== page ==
All generalisations are wrong

Several years ago, when I was an employee of a large blue chip company I was amongst a group of colleagues that were invited to a ‘fireside chat’ with a new head of department. Whilst he was sharing his thoughts with us he pointed out to us that ‘all generalisations are wrong’. In a moment of less than career enhancing excitement I pointed out that his statement was a generalisation and therefore must be wrong and consequently we all entered the paradox that he had created (with my help).

But as Robert Cialdini tells us (Influence, The Psychology of Persuasion) our brains are inherently lazy and have a tendency to go for the easy option – he calls it a “click/whirr” response. I believe that generalisations are part of this process. It is easier to lump groups together to make decisions rather than take the time to look at the individual pieces.

As an example, I have a close friend who sees himself as a socialist and has some very clear ideas about his values and beliefs, which are laudable. Sometimes, when we get together he gets into Banker bashing – all the fat cats, with their huge bonuses, ripping us all off. My background in financial services then leads me to stick up for the many tens of thousands of hard working branch and departmental staff who do care about their customers and try their best to provide an excellent service. However, it is easier to focus on the wrong doers and slag off the profession as a whole.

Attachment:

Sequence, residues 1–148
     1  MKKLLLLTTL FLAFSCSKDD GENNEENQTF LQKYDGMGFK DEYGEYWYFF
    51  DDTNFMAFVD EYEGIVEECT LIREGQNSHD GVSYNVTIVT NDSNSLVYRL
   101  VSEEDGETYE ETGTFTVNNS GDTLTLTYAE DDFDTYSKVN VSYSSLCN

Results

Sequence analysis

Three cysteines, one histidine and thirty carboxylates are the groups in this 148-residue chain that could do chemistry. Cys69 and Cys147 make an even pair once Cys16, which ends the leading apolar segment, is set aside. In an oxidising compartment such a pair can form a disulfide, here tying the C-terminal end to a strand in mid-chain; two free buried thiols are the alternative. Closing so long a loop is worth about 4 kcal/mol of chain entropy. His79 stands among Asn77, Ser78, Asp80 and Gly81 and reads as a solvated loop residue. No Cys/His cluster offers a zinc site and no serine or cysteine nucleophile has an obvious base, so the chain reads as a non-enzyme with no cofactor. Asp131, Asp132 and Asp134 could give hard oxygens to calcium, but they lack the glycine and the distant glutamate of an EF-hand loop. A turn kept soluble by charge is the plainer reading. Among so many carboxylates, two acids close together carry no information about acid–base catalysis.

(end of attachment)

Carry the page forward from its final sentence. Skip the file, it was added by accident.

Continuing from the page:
Of course, bankers are not alone. All journalists lie and cheat to get a good story, all politicians are more interested in fiddling their expenses rather than looking out for the interests of their constituents, all teachers are more interested in league tables than they are in educating our children, etc. Now there is a new kid on the block – the NHS. Because of the actions of a few, the NHS, which employs approx. 1.7 million people (the fifth largest employer in the world!), doesn’t care about any of its patients and their employees only begrudgingly provide a modicum of care if they have to and haven’t got anything better to do.

These bandwagons are very easy to jump upon. As we all know, behaviour breeds behaviour; so if we allow our beliefs (based on these generalisations) to influence our behaviour it will affect the relationships we have with these organisations/individuals and inevitably we will get the results that we deserve, which will in turn justify our beliefs. Put more briefly – life reciprocates our belief of it.

So, before we are swept away by these generalisations both in the wider world and in our own relationships (either in work or out of it) – stop and think. Am I acting/behaving based on what I know to be true about the INDIVIDUAL in front of me that I am dealing with or am I acting/behaving based on some generalist, received opinion of the masses. Make the right choice as you will have to live with the consequences of the results your interaction generates.